* Personal baggage that prevents the ability to see capacity in people.
We all have baggage. Some of us have “carry on” and others pack several steamers and jumbo crates full. Whatever the amount of “stuff” from your past, if it prevents you from seeing the potential in people I recommend you invest in a few sessions with a counselor to help sort things out; How do you know? Well, I’m a counselor, and I’ll offer this to you. If your thoughts seem to be more “about you” than about others and you have difficulty loving and relating to others, then you may need a little coaching from a good counselor.

Characteristics of a People Visionary:
One note before I share this “short” list with you. This is not about people or relational skills alone, but about moving to a deeper level of how you see and value people in general.

* A strong tendency to see the potential in people before you see the shortcomings.
Everyone has shortcomings, but people visionaries choose to overlook them. I’m not suggesting blindness to weak areas, especially when it comes to people/leader development. But I am stating that you can either look for the good or look for the bad. You can either see the reasons why someone can’t do something, or the reasons why they can. Rarely does a leader have a perfect blend of the two – it will tend toward one way or the other. How about you? What is your first take on people in general? Do you first see their potential or their shortcomings? When you look, for example, for new leaders, do you first see the reasons why they probably can’t lead or the reasons why they probably can lead? It makes all the difference in the world.

* A committed student of human nature.
Students of human nature are good at watching and observing people. They don’t miss much. But be cautious, the goal isn’t “watch and observe.” You must eventually interact with those people, in their best interest, or “watch and observe” turns into “stalk and stare” – and that’s never a good thing!

People visionaries find people interesting, if not flat out fascinating. They enjoy being around people and seek them out. If a people visionary has gone too long without being around people, they start getting antsy. People visionaries move into people’s lives in order to understand what makes them tick, and what ticks them off. People visionaries learn what motivates and de-motivates people. People visionaries can see and understand the difference between needs and wants. And people visionaries never tire of the human drama.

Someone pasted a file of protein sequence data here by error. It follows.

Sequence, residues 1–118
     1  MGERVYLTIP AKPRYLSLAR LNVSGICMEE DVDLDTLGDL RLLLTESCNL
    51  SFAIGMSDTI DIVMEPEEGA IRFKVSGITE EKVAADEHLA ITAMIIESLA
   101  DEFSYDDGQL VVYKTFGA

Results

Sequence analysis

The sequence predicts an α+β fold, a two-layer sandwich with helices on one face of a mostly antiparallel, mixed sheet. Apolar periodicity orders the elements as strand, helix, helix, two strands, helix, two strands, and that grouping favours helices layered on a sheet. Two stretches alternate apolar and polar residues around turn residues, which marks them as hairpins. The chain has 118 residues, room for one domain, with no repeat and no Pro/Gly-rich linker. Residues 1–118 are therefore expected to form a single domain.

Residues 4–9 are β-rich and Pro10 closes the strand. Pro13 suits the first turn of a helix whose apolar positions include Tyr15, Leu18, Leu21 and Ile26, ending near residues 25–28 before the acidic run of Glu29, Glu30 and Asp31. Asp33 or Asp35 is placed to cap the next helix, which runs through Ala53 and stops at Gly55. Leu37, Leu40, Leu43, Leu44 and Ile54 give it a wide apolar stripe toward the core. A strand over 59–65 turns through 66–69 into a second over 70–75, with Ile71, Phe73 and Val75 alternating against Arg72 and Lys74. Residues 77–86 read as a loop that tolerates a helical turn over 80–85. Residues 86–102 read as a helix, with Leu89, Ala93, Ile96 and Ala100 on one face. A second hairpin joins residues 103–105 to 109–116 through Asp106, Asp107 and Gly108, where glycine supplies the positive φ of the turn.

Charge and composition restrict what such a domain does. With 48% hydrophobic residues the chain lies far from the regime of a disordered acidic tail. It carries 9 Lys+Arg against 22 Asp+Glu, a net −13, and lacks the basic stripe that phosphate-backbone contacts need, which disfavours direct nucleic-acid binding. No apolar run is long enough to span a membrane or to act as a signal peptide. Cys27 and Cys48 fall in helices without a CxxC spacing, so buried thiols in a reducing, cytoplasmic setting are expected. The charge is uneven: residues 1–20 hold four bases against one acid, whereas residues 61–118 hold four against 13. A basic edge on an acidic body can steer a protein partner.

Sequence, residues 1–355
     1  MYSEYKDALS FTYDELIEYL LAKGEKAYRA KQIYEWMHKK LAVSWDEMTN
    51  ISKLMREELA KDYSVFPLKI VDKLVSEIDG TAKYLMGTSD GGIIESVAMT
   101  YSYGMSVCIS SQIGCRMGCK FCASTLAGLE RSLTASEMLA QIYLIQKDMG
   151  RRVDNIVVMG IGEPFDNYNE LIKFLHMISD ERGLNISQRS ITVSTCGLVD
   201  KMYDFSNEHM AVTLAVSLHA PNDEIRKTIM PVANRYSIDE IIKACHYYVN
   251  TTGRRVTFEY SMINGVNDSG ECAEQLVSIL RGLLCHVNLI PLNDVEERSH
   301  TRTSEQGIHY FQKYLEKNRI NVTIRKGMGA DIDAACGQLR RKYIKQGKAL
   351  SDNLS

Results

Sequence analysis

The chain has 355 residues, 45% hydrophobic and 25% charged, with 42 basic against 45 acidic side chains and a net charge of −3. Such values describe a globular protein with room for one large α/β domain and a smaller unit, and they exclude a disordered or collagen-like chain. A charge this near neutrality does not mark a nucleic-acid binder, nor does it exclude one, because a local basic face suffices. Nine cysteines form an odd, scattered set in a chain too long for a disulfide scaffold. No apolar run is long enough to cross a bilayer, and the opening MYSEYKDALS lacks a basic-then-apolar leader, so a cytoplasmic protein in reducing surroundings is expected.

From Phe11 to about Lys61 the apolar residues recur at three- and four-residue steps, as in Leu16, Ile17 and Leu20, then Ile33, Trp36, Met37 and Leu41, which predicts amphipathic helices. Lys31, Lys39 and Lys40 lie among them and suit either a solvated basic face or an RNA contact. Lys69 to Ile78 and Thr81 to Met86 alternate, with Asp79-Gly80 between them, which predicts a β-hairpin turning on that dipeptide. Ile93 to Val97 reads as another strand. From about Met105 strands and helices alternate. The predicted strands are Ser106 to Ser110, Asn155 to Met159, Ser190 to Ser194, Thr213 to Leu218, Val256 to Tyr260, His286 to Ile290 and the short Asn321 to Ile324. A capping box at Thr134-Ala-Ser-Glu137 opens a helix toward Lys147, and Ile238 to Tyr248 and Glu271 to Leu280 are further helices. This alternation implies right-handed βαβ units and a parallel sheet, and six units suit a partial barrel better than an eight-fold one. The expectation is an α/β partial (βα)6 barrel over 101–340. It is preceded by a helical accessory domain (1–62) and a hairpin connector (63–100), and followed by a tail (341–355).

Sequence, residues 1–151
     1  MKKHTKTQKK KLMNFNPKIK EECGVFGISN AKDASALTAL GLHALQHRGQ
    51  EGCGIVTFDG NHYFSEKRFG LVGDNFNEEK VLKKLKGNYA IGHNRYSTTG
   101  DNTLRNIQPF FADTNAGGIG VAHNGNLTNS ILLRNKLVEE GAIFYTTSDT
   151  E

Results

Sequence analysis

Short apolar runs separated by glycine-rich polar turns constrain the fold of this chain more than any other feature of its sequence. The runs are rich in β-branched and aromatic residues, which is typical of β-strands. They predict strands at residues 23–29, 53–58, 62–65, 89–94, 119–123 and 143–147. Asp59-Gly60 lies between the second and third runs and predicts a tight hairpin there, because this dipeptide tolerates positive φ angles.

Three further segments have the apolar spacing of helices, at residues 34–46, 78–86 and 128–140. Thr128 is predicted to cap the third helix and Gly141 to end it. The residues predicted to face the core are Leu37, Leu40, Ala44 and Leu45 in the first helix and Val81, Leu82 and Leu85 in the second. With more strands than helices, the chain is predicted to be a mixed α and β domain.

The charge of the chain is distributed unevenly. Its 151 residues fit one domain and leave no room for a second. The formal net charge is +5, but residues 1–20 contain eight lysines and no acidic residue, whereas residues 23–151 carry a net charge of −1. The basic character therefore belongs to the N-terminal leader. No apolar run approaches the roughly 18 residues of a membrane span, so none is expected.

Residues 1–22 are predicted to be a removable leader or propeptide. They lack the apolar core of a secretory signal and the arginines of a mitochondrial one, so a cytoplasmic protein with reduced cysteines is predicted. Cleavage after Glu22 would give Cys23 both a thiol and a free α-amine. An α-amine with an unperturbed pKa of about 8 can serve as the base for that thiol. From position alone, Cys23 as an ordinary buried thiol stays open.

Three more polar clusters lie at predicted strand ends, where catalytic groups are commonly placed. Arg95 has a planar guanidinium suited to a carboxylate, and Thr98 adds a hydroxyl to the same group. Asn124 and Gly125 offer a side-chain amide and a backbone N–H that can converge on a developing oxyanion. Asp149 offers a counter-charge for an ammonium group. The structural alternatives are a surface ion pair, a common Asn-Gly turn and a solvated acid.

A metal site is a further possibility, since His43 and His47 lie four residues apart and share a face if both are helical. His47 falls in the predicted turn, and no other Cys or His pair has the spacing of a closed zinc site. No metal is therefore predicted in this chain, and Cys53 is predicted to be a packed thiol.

* The ability to intuitively see how individuals can connect with the overall vision.
This is both an art and a practical leadership science. Simply put, after you have gotten to know someone and caught their heartbeat, are you able to see how they best fit into the overall plan for the institution? Caution! Don’t view people first as “slot-fillers,” but primarily as people whom God has endowed with l gifts and purposes. Your mission as a people visionary is to help each person discover how they can advance their potential within the institution that you lead.

* The ability to attract and connect with people at a heart level.
People visionaries draw people to themselves, not because they are charismatic, but because they care about people and see the best in them. They relate at a heart level and trust comes easy. This is not an issue of whether or not large numbers of people flock to you, but whether people who know you seem to migrate to you or away from you.

That’s an important question to ask yourself. When you do hook up with people, do you quickly connect at a heart level? Remember something I’ve mentioned several times. People like you best when you are yourself. They may not all like you, but they will like you best when you are yourself. They can trust you when they know “what they see is what they get.” Be yourself.

* The ability to empower people toward meaningful ministry.
This point deserves its own chapter, but for now let’s hit the basic idea. Are you able to believe in people enough to trust them with appropriate levels of responsibility? Are you able to release them and not hover over them after you have given it? Are you able to “raise” people up and share your authority? Do you give people permission to make mistakes? Do you encourage people on a regular basis? People visionaries love to turn people loose into meaningful and productive service.

I hope this chapter encourages you and helps you, as well as others around you to become a better people visionary.